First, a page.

LONDON.- Animal Farm: Beastly Muses and Metaphors, brings together 56 works by leading Modern and Contemporary artists to explore the influential, but often overlooked, role of the animal as artists muse. From Pablo Picasso, Lucian Freud and Lynn Chadwick, to Adrian Ghenie, Polly Morgan and Gavin Turk, the exhibition traces a history of the animal as inspiration, companion, model and metaphor in the art of our time.
Through the history of human artistic expression, animals have served as a metaphor for our own intrinsic human characteristics. With such a primordial connection, it is unsurprising that some of the greatest artists of modern times have used animals as their muses, often returning time and time again to the same creatures in an almost compulsive study. For many of the artists in the exhibition, the animals of their attention ultimately act as metaphors for deeper artistic explorations: mortality, memory, identity, religion and the human body.
Lucian Freud: Im really interested in people as animals. Part of my liking to work from them naked is for that reason
I like people to look as natural and as physically at ease as animals, as Pluto my whippet
Lucian Freud, Pluto Aged Twelve, 2000
Lucian Freud was inseparable from his whippet named Pluto. From when he first acquired the pet in 1988, until Plutos death in 2003, the gangly whippet was a common presence in the artists work. This etching, Pluto Aged Twelve, is an affectionate portrait of his beloved companion.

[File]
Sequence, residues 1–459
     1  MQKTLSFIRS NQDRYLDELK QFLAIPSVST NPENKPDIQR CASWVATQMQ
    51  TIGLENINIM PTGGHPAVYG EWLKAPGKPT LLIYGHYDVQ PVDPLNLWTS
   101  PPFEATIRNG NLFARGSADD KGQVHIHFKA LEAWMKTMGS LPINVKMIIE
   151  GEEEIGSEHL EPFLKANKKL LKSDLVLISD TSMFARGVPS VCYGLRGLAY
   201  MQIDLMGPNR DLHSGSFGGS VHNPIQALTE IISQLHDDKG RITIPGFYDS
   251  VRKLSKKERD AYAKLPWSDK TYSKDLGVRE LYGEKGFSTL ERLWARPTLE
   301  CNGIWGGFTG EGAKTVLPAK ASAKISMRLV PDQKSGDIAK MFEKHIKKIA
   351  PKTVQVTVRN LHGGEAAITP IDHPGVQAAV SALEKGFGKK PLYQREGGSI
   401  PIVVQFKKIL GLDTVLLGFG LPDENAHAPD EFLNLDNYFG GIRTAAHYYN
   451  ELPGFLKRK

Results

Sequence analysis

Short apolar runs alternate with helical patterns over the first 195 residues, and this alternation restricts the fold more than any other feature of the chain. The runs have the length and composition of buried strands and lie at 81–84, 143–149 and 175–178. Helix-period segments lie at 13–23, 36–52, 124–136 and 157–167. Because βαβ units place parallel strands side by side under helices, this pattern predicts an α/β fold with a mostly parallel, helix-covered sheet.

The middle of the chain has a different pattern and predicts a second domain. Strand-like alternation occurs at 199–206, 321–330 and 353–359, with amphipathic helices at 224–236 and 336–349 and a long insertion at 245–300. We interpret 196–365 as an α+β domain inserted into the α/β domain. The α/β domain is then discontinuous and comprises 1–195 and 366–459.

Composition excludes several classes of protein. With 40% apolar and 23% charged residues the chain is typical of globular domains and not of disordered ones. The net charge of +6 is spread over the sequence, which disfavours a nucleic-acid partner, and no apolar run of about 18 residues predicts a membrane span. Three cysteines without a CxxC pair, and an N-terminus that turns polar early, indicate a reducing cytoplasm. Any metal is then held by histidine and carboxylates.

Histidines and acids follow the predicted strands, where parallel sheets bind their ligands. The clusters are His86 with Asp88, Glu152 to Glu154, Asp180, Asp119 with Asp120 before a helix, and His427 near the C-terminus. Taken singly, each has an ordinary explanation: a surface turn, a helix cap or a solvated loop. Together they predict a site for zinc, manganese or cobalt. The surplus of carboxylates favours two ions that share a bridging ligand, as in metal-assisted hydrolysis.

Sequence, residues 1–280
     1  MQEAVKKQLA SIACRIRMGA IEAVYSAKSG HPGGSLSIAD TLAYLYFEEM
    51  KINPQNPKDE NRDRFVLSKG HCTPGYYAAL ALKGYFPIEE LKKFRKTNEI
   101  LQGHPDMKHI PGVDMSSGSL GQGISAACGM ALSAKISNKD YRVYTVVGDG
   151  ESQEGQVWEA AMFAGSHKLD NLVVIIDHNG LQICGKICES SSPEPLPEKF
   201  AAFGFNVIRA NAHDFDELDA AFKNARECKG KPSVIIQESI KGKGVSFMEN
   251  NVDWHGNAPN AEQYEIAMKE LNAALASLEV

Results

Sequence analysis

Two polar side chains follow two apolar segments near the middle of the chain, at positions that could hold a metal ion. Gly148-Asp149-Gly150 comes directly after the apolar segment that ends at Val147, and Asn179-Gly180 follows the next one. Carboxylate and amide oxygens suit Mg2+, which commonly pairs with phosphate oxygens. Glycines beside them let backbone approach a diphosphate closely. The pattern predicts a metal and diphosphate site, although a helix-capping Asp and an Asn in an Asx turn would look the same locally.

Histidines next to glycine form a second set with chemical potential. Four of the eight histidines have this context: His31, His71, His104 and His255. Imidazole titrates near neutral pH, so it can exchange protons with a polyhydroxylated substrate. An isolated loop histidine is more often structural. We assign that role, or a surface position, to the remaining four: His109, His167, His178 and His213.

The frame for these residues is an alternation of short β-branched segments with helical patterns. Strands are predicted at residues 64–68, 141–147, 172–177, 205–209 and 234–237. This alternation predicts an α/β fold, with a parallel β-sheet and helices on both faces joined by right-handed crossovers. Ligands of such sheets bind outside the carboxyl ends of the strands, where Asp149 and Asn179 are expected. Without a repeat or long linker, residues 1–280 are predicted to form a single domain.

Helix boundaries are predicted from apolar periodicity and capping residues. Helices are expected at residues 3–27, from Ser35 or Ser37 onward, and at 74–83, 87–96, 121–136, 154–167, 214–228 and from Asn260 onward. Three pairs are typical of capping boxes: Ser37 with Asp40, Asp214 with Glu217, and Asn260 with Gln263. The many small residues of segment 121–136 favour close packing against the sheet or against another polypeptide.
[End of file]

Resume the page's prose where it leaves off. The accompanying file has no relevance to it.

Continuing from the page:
William Wegman Twister, 1988 Sold, 1988
Another remarkable set of canine portraits are William Wegmans iconic Weimaraner photographs. The American artists two Weimaraners, Man Ray and Fay Ray, were specifically trained as models for their photographic sessions. Wegman captured the enigmatic, deadpan presence of his companions using a rare, extremely large format, Polaroid camera, with film plates that measure 20 by 24 inches. Four original Wegman polaroids are included in the exhibition.
Lynn Chadwick Beast Alerted, 1990
Chadwick welded iron, bronze and steel into expressionistic, geometrical works inspired by human and animal forms. Beast I was one of the works which helped him to win the International Prize for Sculpture at the 1956 Venice Biennale. He revisited this series in the late 1980s and early 1990s, of which the present is an important example.
Adrien Ghenie Stigmata 3, 2011
The Romanian-born artist has established a reputation as one of the most exciting painters working today. Ghenies reimagining of Van Goghs Sunflowers sold for a record breaking £3.1m at Sothebys, London in February 2016. His work is complex, both in design and concept, comprising of multi-layered pictorial structures, laden with hidden references.
Gavin Turk Pandy Warhol (Blue Bear), 2014
Turks iridescent Pandy Warhol paintings were produced specifically for the exhibition Here Today, which was staged to support the International Union for Conservation of Nature. Not only does the present work appropriate Andy Warhols signature silkscreen style, but can also be seen as homage to the Pop artists own Endangered Species series.